• Bonds up, stocks and commodities down
  • ​Bonds and stocks up, and commodities down
  • ​Bonds, stocks, and commodities up
  • ​Bonds down, stocks and commodities up
  • ​Bonds and stocks are down, and commodities up
  • ​Bonds, stocks, and commodities down

Overlaying the business cycle is the Stock Market cycle, including sector rotation. The Market cycle leads the business cycle, so the tags for the four stages are slightly earlier than the four stages of the business cycle. For the market cycle, the stages are:

  • Market Bottom
  • Bull Market
  • ​Market Top
  • ​Bear Market

I simplified the original charts from StockCharts and the 6-stage business cycle into the circle design so you can understand it from the perspective of all other cycles.

Bitcoin & Emotion Cycle Chart

Bitcoin has a clear 4-year cycle because of the halving event and the way it follows the general business cycle, which is similar. The Emotional cycle follows a similar timeframe, based on the Nasdaq bubble shown in the Wall Street cheatsheet below.

The next Bitcoin halving is in 2024. In 2023, we are in the bottoming phase of the cycle. To learn more about why 2023 is a bottoming year, check out this blog post explaining the Benner cycle and 7 other studies that suggest this year is a bottom. You can use this cheatsheet to find our current position in the Bitcoin cycle.

The four phases in the Bitcoin cycle are as follows:

Bottom: This phase marks the bottom of a new bull market, it can be extremely messy and lay traps on both sides for investors. This is the time to DCA (dollar cost average) into Bitcoin and build your positions for the coming bull markets.

Consolidation: During the consolidation phase, Bitcoin market conditions often range, with big violent moves to both the upside and the downside.

Blow-Off Top: The most bullish phase of the Bitcoin bull market where euphoria takes over and the price can go booming to new unreached highs.

Hangover: After the blow-off top, Bitcoin has to come back down to earth and often corrects 60-80 of the entire move. During this phase, market sentiments are extremely negative as the market heads into anxiety, denial and panic.

The next Bitcoin halving is in 2024. In 2023, we are in the bottoming phase of the cycle. To learn more about why 2023 is a bottoming year, check out this blog post explaining the Benner cycle and 7 other studies that suggest this year is a bottom. You can use this cheatsheet to find our current position in the Bitcoin cycle.

Wyckoff Market Cycles

The Wyckoff accumulation and distribution cycle is a four-phase model that unveils the price movement of stocks and financial instruments. The phases are as follows.

Accumulation phase: The first phase is accumulation, where smart money accumulates shares at discounted prices, and the price trades in a sideways range.

Markup phase: The markup phase follows with a strong uptrend as demand exceeds supply, causing prices to rise rapidly.

Distribution phase: In the distribution phase, smart money starts selling their holdings to the public, and prices may consolidate or trade sideways.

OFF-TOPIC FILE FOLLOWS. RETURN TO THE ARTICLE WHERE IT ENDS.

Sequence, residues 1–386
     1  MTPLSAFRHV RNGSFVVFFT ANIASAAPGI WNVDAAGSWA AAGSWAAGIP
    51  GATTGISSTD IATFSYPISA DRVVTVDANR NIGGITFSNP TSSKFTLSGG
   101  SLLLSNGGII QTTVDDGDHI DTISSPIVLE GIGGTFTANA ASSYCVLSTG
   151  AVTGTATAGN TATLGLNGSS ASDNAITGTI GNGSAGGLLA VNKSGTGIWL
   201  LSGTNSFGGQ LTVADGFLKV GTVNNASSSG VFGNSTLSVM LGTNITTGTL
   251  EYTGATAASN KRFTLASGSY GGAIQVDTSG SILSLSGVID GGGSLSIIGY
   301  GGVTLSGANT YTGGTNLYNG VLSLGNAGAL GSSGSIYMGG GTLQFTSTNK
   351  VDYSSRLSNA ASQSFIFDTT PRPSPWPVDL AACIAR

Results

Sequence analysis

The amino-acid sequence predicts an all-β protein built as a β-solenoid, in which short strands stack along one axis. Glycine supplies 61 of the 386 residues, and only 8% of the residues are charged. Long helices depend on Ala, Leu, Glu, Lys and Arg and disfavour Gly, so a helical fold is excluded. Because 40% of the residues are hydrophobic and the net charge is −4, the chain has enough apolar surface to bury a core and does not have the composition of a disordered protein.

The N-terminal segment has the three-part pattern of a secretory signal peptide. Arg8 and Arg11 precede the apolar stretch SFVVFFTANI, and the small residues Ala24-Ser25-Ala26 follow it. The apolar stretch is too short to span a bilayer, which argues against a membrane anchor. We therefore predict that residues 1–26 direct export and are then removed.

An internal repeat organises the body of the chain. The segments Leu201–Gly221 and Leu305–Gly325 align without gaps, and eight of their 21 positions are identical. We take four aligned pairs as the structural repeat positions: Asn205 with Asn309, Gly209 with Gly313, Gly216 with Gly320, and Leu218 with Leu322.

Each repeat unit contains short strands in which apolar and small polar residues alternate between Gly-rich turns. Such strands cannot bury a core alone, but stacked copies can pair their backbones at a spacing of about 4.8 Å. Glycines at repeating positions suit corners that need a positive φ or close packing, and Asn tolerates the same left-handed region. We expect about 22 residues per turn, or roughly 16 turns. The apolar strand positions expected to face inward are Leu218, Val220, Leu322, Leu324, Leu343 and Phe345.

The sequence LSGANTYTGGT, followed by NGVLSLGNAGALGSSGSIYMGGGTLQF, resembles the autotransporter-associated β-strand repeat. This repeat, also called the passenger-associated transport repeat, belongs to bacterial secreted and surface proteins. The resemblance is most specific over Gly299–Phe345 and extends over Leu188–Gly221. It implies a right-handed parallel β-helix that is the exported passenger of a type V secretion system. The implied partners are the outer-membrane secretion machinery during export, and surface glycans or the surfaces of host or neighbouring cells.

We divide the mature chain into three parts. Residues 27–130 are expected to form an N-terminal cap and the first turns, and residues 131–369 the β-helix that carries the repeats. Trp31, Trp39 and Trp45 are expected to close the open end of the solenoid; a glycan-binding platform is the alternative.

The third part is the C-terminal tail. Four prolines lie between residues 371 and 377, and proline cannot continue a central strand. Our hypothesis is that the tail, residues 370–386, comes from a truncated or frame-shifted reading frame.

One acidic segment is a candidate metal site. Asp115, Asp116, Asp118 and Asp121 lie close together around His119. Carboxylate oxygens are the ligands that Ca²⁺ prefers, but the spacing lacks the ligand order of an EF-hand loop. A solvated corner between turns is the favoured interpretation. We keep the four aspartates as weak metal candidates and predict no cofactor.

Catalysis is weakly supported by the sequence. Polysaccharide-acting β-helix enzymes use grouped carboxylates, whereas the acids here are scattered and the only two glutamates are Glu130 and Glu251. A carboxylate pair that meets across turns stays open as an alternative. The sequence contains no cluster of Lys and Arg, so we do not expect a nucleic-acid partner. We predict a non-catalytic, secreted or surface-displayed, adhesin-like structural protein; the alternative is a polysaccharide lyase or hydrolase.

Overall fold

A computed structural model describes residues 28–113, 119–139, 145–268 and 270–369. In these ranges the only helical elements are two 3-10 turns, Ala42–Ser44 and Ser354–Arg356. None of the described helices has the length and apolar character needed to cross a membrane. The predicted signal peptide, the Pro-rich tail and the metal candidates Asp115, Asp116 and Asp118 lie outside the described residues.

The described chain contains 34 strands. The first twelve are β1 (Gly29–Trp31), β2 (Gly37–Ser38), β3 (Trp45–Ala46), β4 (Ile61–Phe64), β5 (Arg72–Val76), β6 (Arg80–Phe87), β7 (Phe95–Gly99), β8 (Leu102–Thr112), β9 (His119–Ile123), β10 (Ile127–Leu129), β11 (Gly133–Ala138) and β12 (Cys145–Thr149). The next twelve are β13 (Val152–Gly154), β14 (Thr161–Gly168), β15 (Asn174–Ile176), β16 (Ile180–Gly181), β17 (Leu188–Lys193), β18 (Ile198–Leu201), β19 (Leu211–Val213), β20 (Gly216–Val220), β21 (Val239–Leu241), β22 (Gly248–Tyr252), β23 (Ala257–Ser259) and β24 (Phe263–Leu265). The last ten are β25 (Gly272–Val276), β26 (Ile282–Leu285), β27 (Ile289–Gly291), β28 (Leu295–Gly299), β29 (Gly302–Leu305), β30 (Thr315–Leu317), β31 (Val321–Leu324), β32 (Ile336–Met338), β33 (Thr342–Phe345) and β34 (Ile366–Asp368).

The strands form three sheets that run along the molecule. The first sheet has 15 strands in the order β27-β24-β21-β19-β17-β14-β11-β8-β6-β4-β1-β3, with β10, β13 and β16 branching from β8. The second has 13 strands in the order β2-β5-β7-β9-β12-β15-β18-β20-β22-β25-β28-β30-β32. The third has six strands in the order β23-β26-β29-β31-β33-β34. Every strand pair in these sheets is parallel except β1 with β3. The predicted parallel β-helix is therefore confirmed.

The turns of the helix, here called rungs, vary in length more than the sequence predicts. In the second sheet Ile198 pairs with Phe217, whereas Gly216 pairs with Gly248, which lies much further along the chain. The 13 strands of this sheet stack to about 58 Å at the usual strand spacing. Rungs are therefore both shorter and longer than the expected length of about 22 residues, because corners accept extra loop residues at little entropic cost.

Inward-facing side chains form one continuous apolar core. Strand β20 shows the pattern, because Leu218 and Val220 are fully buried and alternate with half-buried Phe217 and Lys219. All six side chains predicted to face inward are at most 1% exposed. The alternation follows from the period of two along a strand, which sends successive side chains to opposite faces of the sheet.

Markdown phase: The markdown phase occurs when selling pressure overwhelms buying pressure, leading to prices decreasing.

You can read more about the Wyckoff market cycle in this helpful Investopedia article, and we also talk about it in another blog post at TRI, talking about 7 studies that forecast a bottom in the 2023 stock market.

Long-term cycles

We talk a lot more about these cycles in the TRI School and on the Daily Brief shows in the TRI Community. They are more complex and we can’t fit everything into one blog post. To summarize, however, let’s quickly examine these cycles.

The Economic Cycle

The economic cycle is really two business cycles. One is stronger and the other consolidates sideways. Over time, you get a rising direction with swings to the upside and downside.

Ray Dalio talks more about the economic cycle in his "How does the economy work" video. He describes the market as following a productive curve to the upside, with large swings for the interest rate cycle and smaller swings for the business cycle. Here’s how he describes the market in a simple chart form. Watch the full 30m documentary on YouTube.

Generational & Money Cycle

Brian talks a lot about the generational Fear & Greed Cycle, which is 35 years, split into two 17.5-year halves. The even longer-term money cycle, also known as the Interest rate cycle or the debt cycle, is around 80 years. The next greed cycle peak comes in around 2035 and the next interest rate money cycle pivot is around 2040.

Cycles Working Together

In the bottom left of the cheatsheet, you’ll see four Market cycles shown a simple sine waves. When cycle peaks and troughs align, you get a powerful signal, and when they move in opposites, the market can be confusing.

The Full Market Cycles Cheatsheet

To better understand market cycle theory, enroll in the TRI School, where we discuss it in more detail. Click here to learn more about the TRI School and enroll.

You can also download the full-resolution high-quality print version of the market cycles cheatsheet from the TRI library. Click here to join the TRI community and get access to the market cycles cheatsheet.


Share this blog:

Share this blog:


Keep expanding your knowledge

Never miss a post at TRI. Subscribe to the blog below.